The Federal Reserve announced Wednesday that it cut the Fed funds target rate by 25 basis points to bring the key interest rate to 2.00%. The discount rate was also cut by 25 basis points to 2.25%.

In an accompanying statement, the Fed said "substantial" easing should promote growth, but that economic growth "remains weak."

The Fed said credit and housing will weigh on economic growth over the next few quarters, adding that financial markets will remain under "considerable stress."

"The substantial easing of monetary policy to date, combined with ongoing measures to foster market liquidity, should help to promote moderate growth over time and to mitigate risks to economic activity," the statement read. "The Committee will continue to monitor economic and financial developments and will act as needed to promote sustainable economic growth and price stability."



Last month's reference to downside risks to growth was eliminated from the statement.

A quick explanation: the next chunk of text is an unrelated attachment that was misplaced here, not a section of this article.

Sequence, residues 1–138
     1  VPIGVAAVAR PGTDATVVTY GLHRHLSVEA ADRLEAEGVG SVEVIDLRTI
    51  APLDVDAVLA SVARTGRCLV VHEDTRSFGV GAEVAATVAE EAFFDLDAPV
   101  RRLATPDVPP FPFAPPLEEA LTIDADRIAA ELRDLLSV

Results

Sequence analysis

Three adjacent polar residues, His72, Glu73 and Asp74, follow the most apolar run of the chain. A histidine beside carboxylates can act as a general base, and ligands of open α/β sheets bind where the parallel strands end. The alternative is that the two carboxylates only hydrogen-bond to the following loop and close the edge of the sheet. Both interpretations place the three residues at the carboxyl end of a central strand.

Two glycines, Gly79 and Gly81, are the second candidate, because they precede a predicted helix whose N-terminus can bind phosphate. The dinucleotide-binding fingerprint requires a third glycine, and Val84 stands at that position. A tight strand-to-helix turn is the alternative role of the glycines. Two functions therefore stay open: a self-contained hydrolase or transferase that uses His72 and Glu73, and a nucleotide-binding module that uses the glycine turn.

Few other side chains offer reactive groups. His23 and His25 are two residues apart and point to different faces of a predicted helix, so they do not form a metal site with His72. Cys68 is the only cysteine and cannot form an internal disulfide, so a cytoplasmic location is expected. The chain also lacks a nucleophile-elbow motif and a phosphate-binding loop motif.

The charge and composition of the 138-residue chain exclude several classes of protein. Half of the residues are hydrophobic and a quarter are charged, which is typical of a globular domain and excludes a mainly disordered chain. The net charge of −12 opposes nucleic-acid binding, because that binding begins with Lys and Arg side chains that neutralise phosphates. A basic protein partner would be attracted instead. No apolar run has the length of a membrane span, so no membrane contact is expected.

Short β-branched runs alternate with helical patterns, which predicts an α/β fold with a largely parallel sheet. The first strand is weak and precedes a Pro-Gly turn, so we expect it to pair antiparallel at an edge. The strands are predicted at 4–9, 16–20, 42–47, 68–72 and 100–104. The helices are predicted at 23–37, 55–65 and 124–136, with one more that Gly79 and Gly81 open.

Voting for the FOMC monetary policy action were: Ben S. Bernanke, Chairman; Timothy F. Geithner, Vice Chairman; Donald L. Kohn; Randall S. Kroszner; Frederic S. Mishkin; Sandra Pianalto; Gary H. Stern and Kevin M. Warsh. Voting against were Richard W. Fisher and Charles I. Plosser, who preferred no change in the target for the federal funds rate at this meeting.

The move was widely anticipated by markets, particularly after a Wall Street Journal article by Greg Ip published last Thursday suggested the Fed would deliver one last quarter-point cut before pausing for "a breather."

At its previous rate decision on March 18, the FOMC cut the target rate by 75 bps and also cut the discount rate 75 bps.

By Stephen Huebl and edited by Nancy Girgis